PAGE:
Dave Malone
Twig and Leaf, Louisville

Tom Waits sidled up to the bar
at the beat-up diner. He was younger
and less interesting and didn’t
say much. I was glad of it,
for I was secured in a booth
in the back with you.

The waitress had great hips
and took our order as if we’d
bunked regularly in her section
beneath neon life. The young cook
knocked grease off the griddle
before emerging to baby, baby
his girlfriend behind us.

You talked too much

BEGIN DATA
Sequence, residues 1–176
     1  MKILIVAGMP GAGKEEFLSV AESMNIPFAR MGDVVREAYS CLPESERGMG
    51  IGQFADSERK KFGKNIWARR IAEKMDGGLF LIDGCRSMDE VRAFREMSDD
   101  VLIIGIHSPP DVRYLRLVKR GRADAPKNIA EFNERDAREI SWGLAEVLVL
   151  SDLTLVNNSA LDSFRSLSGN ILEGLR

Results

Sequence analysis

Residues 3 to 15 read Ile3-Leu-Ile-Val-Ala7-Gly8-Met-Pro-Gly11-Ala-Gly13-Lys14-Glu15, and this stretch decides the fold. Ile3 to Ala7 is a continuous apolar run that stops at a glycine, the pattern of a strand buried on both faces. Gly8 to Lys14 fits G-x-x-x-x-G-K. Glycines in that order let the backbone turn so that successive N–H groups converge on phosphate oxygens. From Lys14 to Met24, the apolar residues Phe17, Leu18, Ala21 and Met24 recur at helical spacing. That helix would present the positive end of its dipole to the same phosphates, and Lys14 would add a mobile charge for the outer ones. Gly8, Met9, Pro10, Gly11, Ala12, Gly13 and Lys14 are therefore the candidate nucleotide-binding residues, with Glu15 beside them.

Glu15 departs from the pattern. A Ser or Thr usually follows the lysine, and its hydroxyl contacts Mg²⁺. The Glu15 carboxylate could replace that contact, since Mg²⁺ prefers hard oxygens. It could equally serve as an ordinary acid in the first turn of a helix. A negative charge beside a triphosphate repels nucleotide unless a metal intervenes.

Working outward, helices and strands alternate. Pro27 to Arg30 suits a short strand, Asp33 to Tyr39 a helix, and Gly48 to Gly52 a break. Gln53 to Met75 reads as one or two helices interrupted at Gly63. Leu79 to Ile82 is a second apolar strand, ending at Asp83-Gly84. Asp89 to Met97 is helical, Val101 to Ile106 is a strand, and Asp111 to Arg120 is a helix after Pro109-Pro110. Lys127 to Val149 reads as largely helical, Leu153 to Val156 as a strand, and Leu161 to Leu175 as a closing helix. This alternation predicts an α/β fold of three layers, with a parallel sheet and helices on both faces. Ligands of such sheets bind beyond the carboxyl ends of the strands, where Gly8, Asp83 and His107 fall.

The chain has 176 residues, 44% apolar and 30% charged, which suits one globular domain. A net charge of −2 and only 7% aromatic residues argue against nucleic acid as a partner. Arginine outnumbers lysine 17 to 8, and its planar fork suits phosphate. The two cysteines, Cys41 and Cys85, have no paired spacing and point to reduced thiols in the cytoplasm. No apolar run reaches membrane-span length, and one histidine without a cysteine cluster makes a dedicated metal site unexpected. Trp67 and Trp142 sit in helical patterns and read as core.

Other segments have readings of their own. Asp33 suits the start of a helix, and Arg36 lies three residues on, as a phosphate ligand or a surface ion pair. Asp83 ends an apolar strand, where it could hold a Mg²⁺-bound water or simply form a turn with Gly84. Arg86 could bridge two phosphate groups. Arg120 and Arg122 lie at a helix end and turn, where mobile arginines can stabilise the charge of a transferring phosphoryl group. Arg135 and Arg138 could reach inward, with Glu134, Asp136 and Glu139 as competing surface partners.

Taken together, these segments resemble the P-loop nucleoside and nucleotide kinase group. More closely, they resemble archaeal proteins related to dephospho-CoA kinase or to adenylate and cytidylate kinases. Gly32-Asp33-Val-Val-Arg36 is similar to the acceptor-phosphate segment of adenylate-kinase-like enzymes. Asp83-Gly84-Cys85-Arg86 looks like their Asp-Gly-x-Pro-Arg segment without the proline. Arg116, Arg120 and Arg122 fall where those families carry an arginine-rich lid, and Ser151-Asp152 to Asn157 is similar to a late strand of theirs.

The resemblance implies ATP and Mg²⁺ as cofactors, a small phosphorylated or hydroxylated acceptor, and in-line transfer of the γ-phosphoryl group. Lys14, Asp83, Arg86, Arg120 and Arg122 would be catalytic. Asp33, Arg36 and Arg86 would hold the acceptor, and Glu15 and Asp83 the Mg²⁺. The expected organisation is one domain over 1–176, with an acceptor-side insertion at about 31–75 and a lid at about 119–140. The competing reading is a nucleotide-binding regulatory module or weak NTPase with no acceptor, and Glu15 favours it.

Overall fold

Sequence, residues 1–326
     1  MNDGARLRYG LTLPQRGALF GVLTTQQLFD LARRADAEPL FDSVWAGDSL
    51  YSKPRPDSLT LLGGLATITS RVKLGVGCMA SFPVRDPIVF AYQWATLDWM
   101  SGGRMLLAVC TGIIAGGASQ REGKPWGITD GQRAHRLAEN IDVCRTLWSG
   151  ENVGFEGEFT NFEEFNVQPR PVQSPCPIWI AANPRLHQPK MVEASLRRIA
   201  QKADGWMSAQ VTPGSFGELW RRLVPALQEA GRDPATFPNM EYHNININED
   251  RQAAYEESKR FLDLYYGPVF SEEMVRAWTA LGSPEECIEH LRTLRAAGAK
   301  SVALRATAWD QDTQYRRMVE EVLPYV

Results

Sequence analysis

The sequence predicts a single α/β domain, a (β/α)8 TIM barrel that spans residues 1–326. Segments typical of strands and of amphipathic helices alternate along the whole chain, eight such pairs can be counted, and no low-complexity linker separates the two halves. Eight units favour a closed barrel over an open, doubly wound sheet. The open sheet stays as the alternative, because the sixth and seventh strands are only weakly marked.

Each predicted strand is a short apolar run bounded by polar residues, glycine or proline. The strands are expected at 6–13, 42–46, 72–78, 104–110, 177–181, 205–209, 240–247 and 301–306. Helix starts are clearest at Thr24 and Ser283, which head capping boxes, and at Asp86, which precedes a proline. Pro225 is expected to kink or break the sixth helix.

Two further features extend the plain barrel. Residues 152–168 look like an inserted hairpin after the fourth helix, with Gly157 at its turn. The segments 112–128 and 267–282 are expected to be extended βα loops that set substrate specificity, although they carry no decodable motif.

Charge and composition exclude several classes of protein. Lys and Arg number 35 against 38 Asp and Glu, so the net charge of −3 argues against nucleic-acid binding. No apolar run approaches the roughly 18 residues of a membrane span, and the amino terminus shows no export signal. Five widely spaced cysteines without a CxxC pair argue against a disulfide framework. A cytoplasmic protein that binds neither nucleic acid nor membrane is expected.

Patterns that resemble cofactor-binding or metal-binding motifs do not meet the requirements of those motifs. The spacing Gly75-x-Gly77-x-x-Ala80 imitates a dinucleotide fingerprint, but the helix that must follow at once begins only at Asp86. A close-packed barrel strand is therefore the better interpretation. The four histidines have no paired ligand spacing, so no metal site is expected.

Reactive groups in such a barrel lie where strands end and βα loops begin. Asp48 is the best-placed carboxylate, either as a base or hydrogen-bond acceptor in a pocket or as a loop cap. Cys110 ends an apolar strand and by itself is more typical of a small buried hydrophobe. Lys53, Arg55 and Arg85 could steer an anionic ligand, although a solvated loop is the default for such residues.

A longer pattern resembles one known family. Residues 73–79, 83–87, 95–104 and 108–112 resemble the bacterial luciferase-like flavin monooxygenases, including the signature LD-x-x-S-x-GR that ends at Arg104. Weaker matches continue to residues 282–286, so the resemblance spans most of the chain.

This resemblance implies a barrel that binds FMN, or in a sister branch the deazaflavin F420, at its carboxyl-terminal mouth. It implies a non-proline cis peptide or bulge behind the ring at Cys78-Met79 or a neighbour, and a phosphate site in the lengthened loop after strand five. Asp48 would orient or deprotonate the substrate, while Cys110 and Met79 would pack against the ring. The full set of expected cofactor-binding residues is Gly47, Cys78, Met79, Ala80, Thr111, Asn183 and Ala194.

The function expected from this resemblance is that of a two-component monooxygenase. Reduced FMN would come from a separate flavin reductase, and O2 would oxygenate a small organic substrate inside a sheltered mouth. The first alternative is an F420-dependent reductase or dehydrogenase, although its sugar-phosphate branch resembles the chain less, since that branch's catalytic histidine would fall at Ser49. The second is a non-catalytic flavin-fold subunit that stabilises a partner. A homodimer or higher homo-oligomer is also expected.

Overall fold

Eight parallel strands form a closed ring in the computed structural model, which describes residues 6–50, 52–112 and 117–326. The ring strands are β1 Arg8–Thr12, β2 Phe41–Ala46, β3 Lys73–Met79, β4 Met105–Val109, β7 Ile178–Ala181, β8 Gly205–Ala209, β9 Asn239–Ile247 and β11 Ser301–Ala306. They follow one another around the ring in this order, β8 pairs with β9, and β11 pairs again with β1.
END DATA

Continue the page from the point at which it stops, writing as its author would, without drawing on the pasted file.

and laughed too much
and pushed your hair
behind your ears too much,
and you and I drank too much
of that hard coffee, until we stopped
in this piazza of silence.

And that’s when I felt
Tom on us, his face all wrinkled up
in the bright lights by the grill
and time slowed down.
His cigarette ash wouldn’t fall
and dangled mid-air like a gray kite.
A pen along the register slunk toward
his fingers as if a song could write itself.